“We’ve had no 4-H program for two years, the public has been calling and we just responded to that need. So we like to pride ourselves, as we said, to responding to the changing needs,” he continued.
“That is exactly what we have been doing for the six weeks. We also like to pride ourselves on responding to the changing needs of the community,” said Petersen, as they have shown in providing a successful and effective youth camp.
|Luke and Denali Miedema made St. Thomas their home for two years and through volunteer practices of their faith, they and other members of the Bahai National Center on St. Thomas have been serving the Kirwan Terrace Housing Community for many years.
They actually met in the Caribbean when they were in Dominica. Then they moved to New York shortly after for Denali to go to grad school.
“We really wanted to find a way to come back if possible so it was pretty cool that this door opened for us,” Denali stated.
Coming from New York City, they lived in the Bahai National Center on Crown Mountain Road because Luke was working as the property manager there. Denali worked as a middle school teacher at Antilles.
They both say that they learned a lot from the junior youth. Luke said, “They just taught us a lot about the potential of that age group to really inspire others to transform themselves and to do what they can to improve their neighborhoods. They really worked a lot as a group to better themselves and their neighborhood and be positive influences on the children.”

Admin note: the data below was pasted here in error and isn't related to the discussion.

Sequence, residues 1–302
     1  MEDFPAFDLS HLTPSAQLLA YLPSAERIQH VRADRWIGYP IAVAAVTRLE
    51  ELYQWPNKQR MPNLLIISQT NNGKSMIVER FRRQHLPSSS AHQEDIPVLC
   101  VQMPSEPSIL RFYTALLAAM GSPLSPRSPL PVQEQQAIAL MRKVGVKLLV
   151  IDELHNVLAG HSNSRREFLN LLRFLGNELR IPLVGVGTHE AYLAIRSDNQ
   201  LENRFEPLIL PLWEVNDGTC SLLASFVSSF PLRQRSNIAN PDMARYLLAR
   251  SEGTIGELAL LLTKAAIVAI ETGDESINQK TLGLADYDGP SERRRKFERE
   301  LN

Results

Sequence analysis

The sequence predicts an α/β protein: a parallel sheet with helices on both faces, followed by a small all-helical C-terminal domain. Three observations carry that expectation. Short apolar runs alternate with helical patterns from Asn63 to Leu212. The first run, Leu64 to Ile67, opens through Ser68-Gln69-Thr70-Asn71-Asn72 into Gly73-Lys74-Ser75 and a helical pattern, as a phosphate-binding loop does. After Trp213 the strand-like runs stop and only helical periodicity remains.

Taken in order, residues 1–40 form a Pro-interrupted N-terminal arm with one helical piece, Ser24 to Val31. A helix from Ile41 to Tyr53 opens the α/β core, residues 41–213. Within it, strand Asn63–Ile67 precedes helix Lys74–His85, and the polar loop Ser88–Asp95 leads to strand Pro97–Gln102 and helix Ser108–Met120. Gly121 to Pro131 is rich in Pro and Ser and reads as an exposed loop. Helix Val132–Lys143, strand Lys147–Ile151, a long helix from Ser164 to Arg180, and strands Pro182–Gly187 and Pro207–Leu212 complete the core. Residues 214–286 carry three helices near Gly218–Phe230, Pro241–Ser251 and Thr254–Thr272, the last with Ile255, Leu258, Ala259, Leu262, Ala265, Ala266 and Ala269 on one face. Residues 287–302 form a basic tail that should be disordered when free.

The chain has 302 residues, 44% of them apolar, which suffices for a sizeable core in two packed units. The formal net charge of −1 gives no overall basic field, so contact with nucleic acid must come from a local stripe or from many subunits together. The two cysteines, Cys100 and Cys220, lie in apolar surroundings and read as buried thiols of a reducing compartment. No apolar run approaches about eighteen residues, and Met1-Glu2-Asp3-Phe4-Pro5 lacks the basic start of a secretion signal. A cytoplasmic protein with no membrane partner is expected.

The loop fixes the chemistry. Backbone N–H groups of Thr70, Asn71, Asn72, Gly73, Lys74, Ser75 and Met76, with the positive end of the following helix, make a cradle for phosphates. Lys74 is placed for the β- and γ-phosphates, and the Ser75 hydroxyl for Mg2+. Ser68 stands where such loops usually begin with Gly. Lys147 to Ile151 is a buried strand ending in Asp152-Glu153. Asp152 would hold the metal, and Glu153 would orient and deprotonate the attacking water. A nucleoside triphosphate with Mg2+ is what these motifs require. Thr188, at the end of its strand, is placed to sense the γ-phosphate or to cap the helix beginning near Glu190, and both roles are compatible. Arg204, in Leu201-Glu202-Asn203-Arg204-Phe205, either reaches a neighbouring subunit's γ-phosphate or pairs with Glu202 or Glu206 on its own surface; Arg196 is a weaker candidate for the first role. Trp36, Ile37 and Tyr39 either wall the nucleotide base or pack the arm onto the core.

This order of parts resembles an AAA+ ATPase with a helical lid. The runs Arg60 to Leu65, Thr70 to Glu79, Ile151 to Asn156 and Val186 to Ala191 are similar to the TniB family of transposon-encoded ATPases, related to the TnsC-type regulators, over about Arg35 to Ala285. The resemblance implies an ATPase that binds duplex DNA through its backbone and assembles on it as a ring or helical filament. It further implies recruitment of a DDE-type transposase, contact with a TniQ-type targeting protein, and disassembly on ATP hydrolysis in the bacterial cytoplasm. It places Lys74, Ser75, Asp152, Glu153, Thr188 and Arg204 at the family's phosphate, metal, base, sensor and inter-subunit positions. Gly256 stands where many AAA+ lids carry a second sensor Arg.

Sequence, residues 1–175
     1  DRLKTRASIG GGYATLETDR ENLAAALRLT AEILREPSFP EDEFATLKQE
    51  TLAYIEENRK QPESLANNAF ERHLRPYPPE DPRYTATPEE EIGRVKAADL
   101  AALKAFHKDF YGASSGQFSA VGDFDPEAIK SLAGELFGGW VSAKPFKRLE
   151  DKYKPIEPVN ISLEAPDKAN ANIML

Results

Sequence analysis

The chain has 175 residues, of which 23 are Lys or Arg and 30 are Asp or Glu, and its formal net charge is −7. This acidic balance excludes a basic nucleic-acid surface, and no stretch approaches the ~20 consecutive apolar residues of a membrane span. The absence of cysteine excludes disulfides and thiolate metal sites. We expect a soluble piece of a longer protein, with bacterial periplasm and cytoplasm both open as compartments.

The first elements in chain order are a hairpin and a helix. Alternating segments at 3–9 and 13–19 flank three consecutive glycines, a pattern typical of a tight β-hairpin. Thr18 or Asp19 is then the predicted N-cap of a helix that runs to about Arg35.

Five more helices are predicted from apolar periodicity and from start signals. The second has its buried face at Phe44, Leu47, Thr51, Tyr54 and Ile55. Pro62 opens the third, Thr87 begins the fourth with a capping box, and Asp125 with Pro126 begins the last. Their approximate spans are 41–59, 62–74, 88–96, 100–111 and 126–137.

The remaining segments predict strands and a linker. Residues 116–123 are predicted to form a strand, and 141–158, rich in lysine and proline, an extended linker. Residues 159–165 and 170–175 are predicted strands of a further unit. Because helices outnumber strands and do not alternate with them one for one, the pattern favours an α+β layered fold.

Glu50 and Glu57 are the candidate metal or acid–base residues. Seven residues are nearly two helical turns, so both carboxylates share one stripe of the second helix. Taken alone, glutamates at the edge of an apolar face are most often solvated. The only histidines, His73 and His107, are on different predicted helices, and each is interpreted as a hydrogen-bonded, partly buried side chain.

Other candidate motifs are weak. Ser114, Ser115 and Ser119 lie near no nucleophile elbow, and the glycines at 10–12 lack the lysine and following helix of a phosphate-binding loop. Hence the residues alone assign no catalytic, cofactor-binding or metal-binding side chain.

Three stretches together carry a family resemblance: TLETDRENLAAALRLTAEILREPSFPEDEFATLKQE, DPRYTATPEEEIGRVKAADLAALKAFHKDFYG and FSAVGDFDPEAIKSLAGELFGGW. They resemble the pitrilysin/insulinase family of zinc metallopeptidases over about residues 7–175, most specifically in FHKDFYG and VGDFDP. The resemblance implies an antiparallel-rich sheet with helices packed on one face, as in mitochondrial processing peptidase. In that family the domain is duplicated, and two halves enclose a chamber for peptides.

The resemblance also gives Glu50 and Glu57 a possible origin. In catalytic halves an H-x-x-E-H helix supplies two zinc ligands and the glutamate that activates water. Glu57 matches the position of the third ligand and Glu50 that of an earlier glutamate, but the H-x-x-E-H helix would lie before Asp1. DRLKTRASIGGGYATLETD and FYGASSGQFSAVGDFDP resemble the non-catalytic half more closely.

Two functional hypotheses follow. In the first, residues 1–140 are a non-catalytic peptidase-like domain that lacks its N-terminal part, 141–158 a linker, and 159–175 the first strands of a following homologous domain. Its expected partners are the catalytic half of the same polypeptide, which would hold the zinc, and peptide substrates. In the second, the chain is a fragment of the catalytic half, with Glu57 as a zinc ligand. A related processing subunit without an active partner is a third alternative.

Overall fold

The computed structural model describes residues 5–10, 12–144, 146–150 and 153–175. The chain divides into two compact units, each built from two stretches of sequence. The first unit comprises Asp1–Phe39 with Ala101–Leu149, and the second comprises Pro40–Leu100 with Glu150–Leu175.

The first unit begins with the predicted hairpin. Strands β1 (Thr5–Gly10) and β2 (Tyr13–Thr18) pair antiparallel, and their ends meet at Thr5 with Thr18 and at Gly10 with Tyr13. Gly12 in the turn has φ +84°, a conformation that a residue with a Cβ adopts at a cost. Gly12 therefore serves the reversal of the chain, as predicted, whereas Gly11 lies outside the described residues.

Julia Armbruster, a retired teacher and another member of the Bahai community has also helped with the Junior Youth Group over the years. She feels that the most influential lessons were learned within small groups of your own environment.
“That’s why it’s a Kirwan group. Kirwan Terrace group, not a island-wide group, because, island-wide is harder to relate to,” she said.
Luke and Denali said they left with many wonderful memories, especially the service projects including trips to The Humane Society, making smoothies to sell and sandwiches for children in the neighborhood while learning the importance of being an example for other children in the neighborhood. Other activities included bake sales, participating in the island wide clean up and their group sleepover at the Baha’i Center was a good memory also. They ended with a final time out of their many trips to the beaches.
“We’re here at the airport getting ready to go. But, ah, our hearts are staying here. That’s so cheesy, but it’s true,” said Denali. “We’re sad to go. It’s a hard place to leave. I think it really found it’s way into our hearts and um, y’know when you leave a place you start to reflect on just all the things about it that were such blessings.”
For more information on the Junior Youth Group, visit http://www.bahaivi.org/html/junior_youth.html